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As well as considering changes in life expectancy at birth, one can also consider changes in the proportions of people surviving to a certain age. Between 1898 to 1998, the changing proportion of the population surviving to the ages of 50 and 70 increased dramatically.
In the late 1890s only about 64% of men and 68% of women lived to be 50 years old. At the end of the 1990s these figures stood at 94% and 97% respectively. The difference between the sexes was evident throughout the period. Change was even more rapid when one considers the proportion of the population living to be 70. At the end of the nineteenth century only 34% of men and less than 43% of women reached their seventieth birthday. By the end of the 1990s these figures stood at 76% and 85% respectively. Improvement was relatively steady over the period, except during the 1960s when the increase in conditions such as lung cancer and heart disease was enough to offset any improvements in survival rates, particularly among men older than 50.(FOOTNOTE 1) Since the early 1970s, the gap between men and women has closed steadily (down from over 18 percentage points in 1970 to fewer than 10 in 1998).
In 2000 death rates were higher for men than for women in all age groups. Women are thought to have a genetic advantage which makes them more resistant to a range of conditions.(FOOTNOTE 2) The remaining differences are attributed to different behavioural and lifestyle patterns of men and women. Women, for example, are less likely to be overweight or to smoke (although the proportions of women smoking, particularly young women, are still increasing, whereas they have been declining for men for some years).(FOOTNOTE 3) Men are more often involved in hazardous occupations than women, while younger men in particular are more prone to risk-taking, and have higher death rates because of accidents.
CAUSES OF DEATH
Causes of death are, of course, strongly linked to a person's age. Among people aged 1-44, transport accidents and suicide were the leading causes of death, with death rates from these causes much higher for men than for women. Among people older than 44 years, cancer and heart disease were the leading causes of death, with men again more at risk than women from these conditions.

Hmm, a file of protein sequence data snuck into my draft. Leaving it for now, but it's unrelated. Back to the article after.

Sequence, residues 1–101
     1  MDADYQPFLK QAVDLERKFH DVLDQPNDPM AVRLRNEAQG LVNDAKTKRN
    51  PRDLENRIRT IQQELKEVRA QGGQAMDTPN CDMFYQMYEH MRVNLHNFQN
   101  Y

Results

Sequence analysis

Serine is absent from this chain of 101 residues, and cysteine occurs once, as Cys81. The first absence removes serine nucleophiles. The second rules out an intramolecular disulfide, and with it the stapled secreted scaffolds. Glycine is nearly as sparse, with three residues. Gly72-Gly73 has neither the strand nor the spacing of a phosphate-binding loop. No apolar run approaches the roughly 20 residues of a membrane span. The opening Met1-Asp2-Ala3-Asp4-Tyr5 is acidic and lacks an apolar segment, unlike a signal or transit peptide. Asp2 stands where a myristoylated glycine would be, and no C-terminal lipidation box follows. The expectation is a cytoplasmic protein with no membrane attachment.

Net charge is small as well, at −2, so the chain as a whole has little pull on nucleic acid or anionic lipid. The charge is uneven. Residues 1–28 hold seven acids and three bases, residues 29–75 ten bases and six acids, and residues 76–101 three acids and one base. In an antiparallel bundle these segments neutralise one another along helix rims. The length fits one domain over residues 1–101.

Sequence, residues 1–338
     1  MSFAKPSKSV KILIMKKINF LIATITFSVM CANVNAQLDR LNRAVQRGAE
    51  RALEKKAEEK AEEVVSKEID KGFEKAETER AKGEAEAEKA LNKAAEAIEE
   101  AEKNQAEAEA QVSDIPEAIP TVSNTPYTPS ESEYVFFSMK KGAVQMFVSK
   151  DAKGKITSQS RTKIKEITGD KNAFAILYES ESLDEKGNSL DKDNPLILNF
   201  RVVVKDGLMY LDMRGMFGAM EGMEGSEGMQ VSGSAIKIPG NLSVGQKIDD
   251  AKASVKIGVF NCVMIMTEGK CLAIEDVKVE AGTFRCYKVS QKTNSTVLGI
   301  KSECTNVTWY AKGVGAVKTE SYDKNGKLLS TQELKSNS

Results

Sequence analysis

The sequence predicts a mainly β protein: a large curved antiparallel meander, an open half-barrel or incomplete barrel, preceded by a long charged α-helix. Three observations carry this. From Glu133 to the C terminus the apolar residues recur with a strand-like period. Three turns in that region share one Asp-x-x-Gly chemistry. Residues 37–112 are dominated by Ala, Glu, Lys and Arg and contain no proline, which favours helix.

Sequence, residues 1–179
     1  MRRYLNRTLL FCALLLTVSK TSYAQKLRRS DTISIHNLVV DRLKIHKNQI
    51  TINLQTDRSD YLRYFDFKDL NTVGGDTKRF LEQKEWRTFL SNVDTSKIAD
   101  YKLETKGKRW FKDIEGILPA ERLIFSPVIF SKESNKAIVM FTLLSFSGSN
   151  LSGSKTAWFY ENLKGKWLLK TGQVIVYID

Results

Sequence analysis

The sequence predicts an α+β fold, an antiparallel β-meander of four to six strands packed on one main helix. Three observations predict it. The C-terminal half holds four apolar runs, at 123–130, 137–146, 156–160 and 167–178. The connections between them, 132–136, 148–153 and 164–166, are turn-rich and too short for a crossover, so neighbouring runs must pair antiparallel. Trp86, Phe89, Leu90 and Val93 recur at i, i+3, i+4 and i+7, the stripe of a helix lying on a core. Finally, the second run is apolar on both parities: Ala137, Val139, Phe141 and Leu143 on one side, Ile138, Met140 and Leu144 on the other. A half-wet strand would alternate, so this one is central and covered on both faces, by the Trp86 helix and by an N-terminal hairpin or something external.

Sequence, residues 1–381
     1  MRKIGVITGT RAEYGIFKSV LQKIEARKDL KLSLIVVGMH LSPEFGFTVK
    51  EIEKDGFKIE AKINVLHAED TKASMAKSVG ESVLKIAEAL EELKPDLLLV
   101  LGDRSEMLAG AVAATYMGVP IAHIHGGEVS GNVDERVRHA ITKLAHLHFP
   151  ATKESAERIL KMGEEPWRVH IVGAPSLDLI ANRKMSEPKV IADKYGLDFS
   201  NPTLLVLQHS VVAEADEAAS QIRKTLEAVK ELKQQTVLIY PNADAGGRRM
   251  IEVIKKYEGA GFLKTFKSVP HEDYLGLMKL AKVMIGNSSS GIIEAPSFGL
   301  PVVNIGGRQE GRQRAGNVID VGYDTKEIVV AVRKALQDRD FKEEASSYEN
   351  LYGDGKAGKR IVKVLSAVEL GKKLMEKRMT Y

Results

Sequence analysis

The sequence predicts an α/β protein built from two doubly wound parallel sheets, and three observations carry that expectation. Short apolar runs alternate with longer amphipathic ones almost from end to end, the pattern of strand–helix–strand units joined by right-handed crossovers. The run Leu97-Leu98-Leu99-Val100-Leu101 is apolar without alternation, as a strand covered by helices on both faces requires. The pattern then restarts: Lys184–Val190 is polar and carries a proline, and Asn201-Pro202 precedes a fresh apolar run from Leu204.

Advances in medical technology, public health measures, including earlier detection of some illnesses, and healthier lifestyles, have contributed to declines in death rates from most of the leading causes of death. Between 1990 and 2000, death rates from cancer declined by 11% for men and 9% for women, and from heart disease they declined by 40% for men and 39% for women.
LEADING CAUSES OF DEATH - 2000
Source: Deaths Australia, 2000.(SEE FOOTNOTE 4)
Infant mortality rate(a)
ABORIGINAL AND TORRES STRAIT ISLANDER PEOPLES
The commentary for the headline indicator described the 20 year gap between life expectancy of Australia’s Aboriginal and Torres Strait Islander peoples and that of the general population. Indigenous death rates in 2000 were more than double those of the non-Indigenous population.(SEE FOOTNOTE 4)
A number of factors help to explain why Indigenous Australians suffer poorer health than other Australians. In general, more Indigenous Australians experience disadvantages such as poor education, unemployment, and inadequate housing and infrastructure. Indigenous Australians also smoke more;(FOOTNOTE 3) and while many are less likely to drink alcohol that other Australians, those who do are likely to consume it at hazardous levels.(FOOTNOTE 5) Indigenous Australians have high rates of infectious disease, obesity, diabetes, heart disease, kidney disease and cancer. They also experience high rates of injury and death from accidents and violence.(SEE FOOTNOTE 4)